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Going it alone - a guide to representing yourself in court

James Watkins - Law on the Web

  1. 10 April 2015
  2. Miscellaneous
  3. 0 comments
Preparing for self-representation

Representing yourself in court is not an ideal situation – unfortunately, with the rampant legal aid cuts (and further cuts on the way) it is a situation that increasingly more people are finding themselves in, particularly in family cases.

When you represent yourself in court, you are known for the purposes of the case as a Litigant in Person, or LIP.

If you do find yourself facing an upcoming case without anyone to represent you, here are some things you can do.

Do your research

Law is complicated, and you can’t be expected to learn everything you need to know before your case – however, you can still give yourself a good idea of what your rights are and how you could argue your case.

Law on the Web has plenty of free legal information on both personal law and business law. You can get information on family law, employment, motoring law, and more.

Get free or affordable legal advice

There are a number of organisations and charities who may be able to help you, depending on what sort of legal issue you are facing. Law Centres which operate across the country – these centres can give legal advice across different areas of social welfare law, including employment, housing, immigration and welfare benefits. You can find your nearest centre on the Law Centres Network website.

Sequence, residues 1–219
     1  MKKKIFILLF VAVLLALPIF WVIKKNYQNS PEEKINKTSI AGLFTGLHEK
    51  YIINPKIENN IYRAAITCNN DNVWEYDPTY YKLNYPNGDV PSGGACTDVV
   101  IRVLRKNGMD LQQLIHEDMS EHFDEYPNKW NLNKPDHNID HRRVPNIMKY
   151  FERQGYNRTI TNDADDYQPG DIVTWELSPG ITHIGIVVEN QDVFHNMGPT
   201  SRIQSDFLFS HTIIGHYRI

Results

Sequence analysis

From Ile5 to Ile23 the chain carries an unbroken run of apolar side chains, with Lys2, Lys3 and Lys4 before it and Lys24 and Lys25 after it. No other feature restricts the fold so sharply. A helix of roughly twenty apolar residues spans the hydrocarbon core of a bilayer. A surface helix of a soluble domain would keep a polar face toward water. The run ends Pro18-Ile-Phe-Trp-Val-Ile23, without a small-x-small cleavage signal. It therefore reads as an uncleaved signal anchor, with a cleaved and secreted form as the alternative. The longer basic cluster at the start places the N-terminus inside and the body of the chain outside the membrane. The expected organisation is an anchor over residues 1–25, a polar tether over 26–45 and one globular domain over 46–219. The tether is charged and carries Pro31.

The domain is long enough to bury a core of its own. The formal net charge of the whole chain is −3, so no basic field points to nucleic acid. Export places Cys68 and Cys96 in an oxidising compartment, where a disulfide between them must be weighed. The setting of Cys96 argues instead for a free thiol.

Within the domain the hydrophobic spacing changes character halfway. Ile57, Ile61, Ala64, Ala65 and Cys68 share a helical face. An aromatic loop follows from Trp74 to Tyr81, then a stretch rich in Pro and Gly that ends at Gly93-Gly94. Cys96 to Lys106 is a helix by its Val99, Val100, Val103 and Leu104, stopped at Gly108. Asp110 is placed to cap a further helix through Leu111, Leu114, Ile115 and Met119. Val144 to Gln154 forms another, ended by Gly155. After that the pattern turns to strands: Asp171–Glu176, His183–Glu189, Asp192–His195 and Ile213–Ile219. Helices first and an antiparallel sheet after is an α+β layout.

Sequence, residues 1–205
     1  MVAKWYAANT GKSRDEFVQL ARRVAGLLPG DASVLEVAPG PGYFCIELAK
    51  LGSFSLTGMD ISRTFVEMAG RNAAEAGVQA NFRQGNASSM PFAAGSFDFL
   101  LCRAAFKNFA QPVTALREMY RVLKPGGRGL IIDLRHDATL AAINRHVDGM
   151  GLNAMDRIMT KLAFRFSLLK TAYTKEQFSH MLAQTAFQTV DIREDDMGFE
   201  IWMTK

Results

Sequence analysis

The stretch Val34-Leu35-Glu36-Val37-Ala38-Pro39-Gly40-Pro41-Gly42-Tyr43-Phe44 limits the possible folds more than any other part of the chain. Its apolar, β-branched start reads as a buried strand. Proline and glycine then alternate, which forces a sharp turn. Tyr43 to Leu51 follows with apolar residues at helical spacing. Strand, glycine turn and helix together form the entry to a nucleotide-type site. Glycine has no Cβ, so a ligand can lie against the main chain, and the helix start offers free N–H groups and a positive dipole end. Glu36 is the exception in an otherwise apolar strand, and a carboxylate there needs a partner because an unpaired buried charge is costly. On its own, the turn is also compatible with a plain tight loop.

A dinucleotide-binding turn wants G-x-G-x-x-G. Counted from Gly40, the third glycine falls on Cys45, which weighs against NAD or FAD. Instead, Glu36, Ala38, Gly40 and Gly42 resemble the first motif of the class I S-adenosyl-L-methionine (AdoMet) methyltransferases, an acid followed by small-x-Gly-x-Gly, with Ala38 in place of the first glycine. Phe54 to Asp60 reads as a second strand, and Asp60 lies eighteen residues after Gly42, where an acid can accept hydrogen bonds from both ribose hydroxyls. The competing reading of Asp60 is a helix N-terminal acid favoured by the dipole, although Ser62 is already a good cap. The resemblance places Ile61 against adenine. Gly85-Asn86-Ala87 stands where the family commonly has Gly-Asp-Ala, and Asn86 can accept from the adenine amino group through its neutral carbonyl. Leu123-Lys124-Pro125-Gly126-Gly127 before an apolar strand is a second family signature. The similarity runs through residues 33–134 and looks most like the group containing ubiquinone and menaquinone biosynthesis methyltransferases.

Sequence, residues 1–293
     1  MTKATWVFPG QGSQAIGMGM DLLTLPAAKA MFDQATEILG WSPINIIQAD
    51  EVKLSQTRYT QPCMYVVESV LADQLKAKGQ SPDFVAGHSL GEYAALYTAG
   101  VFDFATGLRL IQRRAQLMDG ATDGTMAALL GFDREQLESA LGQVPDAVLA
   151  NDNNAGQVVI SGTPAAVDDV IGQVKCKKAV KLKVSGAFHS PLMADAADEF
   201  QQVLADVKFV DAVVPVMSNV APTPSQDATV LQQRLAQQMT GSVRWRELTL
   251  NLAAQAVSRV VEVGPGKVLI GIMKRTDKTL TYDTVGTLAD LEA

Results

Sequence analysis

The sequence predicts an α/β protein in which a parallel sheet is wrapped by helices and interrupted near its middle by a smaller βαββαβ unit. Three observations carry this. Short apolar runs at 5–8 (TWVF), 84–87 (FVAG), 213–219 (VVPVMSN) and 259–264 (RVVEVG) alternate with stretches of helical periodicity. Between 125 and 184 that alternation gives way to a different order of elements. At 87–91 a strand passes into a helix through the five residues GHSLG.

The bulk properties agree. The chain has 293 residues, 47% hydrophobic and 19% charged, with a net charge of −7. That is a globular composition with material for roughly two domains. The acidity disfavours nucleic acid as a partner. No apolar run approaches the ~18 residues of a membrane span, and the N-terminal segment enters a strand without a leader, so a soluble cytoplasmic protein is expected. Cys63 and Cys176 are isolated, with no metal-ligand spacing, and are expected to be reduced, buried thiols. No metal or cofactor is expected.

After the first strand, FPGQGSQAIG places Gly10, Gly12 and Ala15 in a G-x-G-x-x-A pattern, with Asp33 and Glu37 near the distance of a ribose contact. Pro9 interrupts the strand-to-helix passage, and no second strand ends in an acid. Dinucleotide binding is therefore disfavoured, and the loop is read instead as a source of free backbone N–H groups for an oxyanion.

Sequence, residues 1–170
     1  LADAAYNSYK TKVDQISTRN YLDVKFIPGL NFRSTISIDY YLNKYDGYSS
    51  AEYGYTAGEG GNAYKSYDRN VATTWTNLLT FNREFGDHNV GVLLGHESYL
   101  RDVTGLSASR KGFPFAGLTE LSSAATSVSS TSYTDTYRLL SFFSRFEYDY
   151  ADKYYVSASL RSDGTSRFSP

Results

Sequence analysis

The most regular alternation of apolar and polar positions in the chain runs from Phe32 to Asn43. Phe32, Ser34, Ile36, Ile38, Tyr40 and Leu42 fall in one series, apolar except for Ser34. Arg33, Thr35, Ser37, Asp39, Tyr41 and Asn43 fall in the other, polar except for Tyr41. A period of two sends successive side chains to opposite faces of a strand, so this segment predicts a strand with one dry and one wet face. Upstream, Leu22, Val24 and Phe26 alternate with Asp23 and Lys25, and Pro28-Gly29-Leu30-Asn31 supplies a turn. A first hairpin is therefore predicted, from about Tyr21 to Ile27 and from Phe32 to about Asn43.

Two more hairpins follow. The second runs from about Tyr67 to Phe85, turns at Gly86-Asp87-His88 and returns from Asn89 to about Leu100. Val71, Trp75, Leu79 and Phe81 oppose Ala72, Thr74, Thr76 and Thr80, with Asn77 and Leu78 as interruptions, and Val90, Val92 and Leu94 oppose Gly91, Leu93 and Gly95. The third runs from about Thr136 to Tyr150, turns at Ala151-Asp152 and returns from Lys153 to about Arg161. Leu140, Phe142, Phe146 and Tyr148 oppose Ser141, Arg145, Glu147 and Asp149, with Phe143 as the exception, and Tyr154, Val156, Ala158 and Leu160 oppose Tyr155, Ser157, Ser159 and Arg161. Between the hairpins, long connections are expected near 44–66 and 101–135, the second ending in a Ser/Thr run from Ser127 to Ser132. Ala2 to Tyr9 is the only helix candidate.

Alternatively, you could visit your local Citizens Advice Bureau – they can give advice on consumer issues, including a range of legal issues. You can find your local bureau on the Citizens’ Advice website.

There are a number of charities which offer telephone helplines or other help on specific issues – here are a few of them and how they can help.

McKenzie Friends

McKenzie Friend is the term given to an individual isn’t a qualified lawyer, but can help you with your case.

Obviously, a McKenzie Friend is unlikely to be able to give you the kind of technical legal advice that a lawyer would be able to. However, they can help in other ways – they can help you to carry out research for the case, take notes and remind you of issues you want to raise in court, and provide moral support.

A McKenzie Friend can accompany you in court, but there are limitations on what they can do. They can’t act on your behalf, and in most cases, and they are not allowed to address the court (although the judge may allow it if you ask).

Anyone can act as a McKenzie Friend for you, usually a friend or a family member – however, there is a growing market of people who will act as a McKenzie Friend for a fee, usually somewhere between £35-£60. While this is significantly cheaper than a lawyer, you should bear in mind that most McKenzie Friends do not have any legal qualifications, or any insurance.

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